Back to Bicycling Basics in Beijing
To address continued air pollution and traffic congestion woes, Beijing is harkening back to its days as the "bicycle kingdom" and introducing policies to encourage more cycling. Photo by Dave-Gray.

To address continued air pollution and traffic congestion woes, Beijing is harkening back to its days as the "bicycle kingdom" and introducing policies to encourage more cycling. Photo by Dave-Gray.

According to The Guardian, 20 years ago, four out of five Beijing residents pedaled around China’s capital in some of the world’s best bike lanes.  However, this number has decreased as private car ownership has gone up. From 1995 to 2005, China’s bike fleet declined by 35 percent while private car ownership more than doubled. Beijing is currently home to four million cars. Last year, China overtook the U.S. in auto sales, with a 46 percent increase in sales over the previous year.  As cities in China have grown, bike lanes have also been eliminated to accommodate more traffic lanes for cars and buses.  By all indications, it’s seemed that Beijing was well on its way to usher in a new king – the automobile.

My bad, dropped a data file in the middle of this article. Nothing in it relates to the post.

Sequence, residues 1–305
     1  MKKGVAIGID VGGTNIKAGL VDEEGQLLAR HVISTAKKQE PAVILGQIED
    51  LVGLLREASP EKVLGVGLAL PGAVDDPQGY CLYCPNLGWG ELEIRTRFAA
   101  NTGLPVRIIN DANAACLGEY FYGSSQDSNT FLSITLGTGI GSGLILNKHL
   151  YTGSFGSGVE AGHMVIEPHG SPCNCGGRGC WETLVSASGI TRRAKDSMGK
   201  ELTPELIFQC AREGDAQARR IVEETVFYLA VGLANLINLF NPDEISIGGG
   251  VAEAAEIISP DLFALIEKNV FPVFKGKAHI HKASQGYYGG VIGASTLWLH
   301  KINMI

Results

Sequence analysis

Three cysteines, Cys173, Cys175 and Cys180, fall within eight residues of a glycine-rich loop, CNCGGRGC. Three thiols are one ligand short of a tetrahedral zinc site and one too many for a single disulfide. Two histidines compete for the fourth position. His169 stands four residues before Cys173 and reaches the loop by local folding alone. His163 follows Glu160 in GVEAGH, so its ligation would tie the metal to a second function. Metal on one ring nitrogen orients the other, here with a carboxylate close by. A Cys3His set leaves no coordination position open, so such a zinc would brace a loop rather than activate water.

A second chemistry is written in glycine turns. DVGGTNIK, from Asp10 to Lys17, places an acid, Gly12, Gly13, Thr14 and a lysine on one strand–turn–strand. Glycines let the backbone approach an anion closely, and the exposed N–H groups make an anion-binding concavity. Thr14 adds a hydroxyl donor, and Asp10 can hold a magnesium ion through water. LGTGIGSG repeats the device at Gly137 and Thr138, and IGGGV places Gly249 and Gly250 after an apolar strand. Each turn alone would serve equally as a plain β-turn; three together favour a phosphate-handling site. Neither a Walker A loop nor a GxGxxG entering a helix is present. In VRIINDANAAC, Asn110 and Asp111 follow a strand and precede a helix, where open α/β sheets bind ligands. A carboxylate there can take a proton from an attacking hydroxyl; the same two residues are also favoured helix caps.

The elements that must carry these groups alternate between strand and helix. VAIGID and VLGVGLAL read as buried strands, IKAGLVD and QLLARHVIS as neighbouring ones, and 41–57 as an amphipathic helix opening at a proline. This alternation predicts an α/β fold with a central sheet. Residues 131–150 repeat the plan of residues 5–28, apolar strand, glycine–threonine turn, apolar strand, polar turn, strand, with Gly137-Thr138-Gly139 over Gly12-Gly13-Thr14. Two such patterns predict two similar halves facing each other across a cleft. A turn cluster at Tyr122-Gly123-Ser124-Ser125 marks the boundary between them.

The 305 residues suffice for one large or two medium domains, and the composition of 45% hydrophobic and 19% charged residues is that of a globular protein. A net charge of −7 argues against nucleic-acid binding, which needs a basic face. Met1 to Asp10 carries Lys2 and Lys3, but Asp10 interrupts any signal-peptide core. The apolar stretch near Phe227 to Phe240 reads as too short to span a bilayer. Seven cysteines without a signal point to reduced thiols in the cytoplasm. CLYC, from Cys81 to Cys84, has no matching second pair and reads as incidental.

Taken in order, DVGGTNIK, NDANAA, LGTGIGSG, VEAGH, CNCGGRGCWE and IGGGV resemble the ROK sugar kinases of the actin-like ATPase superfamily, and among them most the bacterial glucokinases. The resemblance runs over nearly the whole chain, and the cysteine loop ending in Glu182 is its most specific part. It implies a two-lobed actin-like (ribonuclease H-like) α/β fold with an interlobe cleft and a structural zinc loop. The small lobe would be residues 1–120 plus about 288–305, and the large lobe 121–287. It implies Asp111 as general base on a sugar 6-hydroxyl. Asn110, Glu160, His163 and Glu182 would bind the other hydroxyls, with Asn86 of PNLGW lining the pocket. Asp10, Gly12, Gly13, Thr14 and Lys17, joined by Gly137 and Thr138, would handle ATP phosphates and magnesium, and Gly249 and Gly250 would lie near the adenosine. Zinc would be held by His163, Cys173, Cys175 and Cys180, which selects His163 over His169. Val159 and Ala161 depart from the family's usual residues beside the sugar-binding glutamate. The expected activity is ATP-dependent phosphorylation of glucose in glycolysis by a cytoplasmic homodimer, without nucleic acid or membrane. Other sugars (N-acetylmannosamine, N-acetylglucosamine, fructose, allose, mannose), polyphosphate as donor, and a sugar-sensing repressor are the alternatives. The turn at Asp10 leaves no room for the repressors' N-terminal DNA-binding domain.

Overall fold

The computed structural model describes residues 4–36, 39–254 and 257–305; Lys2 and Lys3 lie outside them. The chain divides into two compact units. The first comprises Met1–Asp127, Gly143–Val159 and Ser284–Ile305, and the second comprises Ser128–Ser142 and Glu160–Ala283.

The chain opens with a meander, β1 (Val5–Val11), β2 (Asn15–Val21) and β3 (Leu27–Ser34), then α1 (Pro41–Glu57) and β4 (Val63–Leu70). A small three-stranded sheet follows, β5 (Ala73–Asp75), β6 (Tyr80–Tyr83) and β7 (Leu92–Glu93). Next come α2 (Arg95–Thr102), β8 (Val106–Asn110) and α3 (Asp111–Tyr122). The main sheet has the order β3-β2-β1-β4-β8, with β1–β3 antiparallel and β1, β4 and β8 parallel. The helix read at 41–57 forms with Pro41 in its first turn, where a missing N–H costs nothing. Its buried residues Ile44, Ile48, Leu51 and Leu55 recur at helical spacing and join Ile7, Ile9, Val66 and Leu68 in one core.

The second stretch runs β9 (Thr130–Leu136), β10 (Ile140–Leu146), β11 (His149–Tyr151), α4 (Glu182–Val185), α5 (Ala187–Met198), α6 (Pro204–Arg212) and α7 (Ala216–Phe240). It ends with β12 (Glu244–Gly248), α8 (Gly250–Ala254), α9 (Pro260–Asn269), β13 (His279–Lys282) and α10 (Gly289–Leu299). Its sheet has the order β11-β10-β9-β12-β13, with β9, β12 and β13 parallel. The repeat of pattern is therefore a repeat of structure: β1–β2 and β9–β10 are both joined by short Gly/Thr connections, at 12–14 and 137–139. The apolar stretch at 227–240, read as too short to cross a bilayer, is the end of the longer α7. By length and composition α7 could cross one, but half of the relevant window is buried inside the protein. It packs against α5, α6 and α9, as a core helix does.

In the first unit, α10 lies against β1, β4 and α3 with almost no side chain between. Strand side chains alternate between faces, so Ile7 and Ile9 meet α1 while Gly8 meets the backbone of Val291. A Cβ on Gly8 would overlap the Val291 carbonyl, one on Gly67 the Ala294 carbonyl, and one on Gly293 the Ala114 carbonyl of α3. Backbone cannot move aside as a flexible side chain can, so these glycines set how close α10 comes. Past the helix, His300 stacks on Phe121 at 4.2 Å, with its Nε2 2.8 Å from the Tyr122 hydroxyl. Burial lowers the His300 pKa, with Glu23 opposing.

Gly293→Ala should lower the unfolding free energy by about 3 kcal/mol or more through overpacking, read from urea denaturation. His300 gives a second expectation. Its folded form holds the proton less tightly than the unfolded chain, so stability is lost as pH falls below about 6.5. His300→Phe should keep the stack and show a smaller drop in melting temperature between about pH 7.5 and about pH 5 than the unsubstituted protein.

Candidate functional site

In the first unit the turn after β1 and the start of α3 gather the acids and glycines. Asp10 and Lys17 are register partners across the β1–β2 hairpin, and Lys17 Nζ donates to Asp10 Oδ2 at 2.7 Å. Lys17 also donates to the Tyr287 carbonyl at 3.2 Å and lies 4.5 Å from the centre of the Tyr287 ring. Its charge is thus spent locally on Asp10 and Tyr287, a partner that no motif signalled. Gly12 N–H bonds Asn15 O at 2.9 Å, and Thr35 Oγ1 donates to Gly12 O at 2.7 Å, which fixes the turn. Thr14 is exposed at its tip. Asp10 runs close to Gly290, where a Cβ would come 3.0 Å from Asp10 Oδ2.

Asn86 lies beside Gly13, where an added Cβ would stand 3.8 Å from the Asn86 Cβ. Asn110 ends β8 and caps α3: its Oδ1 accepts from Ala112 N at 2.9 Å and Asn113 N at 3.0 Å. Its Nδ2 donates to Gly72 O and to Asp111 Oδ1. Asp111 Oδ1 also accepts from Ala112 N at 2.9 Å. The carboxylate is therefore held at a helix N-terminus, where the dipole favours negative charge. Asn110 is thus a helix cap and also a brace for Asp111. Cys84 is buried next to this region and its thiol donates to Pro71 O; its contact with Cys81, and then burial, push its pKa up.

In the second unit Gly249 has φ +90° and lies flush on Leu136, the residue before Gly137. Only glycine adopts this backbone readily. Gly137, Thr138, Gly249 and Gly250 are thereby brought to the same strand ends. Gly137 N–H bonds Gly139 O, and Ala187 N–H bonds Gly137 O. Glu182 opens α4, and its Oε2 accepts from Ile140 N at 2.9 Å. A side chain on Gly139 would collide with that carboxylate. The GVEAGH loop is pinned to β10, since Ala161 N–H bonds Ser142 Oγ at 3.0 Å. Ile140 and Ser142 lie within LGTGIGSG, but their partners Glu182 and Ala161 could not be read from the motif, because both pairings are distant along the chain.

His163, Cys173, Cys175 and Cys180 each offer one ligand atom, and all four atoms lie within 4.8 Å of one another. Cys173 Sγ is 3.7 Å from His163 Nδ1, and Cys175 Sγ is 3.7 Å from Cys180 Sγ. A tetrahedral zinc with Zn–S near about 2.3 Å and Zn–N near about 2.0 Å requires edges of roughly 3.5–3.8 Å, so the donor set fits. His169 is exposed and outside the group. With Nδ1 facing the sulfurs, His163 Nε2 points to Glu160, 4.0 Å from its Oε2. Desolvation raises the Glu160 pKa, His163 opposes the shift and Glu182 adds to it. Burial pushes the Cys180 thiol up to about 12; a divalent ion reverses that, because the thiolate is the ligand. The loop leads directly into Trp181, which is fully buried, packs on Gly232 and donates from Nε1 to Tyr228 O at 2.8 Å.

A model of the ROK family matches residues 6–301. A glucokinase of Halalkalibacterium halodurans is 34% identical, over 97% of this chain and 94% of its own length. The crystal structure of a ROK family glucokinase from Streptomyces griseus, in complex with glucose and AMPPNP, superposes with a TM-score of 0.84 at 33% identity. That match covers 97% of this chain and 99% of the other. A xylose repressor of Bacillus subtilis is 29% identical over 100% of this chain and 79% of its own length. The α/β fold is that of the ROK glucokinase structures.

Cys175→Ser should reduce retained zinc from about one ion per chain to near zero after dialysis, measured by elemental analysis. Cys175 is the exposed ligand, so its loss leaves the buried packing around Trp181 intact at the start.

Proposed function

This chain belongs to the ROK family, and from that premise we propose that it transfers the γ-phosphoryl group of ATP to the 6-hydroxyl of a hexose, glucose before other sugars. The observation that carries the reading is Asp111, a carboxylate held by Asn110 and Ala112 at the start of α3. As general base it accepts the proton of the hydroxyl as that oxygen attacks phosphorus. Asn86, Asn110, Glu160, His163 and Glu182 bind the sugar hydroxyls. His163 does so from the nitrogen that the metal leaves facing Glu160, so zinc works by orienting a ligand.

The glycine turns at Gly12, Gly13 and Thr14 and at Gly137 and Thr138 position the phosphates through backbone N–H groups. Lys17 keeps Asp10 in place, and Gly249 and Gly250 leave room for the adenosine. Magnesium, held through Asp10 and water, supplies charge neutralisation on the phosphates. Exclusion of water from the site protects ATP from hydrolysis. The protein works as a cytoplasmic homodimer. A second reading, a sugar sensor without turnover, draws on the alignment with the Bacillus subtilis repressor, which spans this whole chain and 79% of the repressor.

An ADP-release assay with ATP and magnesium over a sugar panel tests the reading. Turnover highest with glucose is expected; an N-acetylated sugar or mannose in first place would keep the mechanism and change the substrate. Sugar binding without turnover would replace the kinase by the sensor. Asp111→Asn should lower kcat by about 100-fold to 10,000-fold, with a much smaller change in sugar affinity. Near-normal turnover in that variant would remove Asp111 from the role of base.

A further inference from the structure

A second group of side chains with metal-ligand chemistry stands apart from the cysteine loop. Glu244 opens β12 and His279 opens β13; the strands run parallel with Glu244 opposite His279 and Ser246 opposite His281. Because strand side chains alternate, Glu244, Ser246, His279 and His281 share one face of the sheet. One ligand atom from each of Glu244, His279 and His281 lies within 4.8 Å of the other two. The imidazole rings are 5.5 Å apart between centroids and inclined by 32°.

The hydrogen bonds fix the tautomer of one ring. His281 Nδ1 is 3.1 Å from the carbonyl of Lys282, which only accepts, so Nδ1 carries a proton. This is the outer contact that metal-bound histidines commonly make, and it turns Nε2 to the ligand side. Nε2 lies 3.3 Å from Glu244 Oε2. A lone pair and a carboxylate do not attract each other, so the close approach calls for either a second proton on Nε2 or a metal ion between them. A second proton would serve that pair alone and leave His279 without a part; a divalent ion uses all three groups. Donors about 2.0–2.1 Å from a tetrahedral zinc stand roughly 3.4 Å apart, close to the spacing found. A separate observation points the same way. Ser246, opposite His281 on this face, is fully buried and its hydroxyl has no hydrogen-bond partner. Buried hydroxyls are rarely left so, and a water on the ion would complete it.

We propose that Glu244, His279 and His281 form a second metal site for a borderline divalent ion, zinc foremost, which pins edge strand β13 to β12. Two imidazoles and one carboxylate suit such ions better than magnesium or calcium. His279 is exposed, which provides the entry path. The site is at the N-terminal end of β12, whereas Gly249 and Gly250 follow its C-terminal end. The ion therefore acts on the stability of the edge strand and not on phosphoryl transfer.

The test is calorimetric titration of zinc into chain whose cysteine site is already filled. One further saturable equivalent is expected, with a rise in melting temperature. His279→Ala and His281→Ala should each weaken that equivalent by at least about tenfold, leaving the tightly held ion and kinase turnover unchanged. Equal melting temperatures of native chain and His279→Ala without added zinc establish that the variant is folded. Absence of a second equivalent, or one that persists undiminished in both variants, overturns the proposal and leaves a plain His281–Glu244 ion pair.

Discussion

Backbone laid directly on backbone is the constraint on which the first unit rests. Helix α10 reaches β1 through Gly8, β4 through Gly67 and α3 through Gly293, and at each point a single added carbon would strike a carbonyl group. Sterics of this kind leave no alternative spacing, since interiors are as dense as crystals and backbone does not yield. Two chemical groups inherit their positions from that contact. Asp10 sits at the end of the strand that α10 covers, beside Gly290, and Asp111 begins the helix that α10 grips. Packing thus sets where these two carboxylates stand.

But is the city of 17 million ready for king car?  Perhaps not, as Beijing’s air quality continues to be poor (last week BeijingAir‘s monitoring station reported a few ‘hazardous’ air quality days). Liu Xiaoming, the director of the Municipal Communications Commission, said in a Xinhua article that the government will “revise and eliminate” regulations that discourage bicycle use and impose greater restrictions on car drivers.  Beijing already has limitations to reduce the number of vehicles on the road, continuing the odd-even li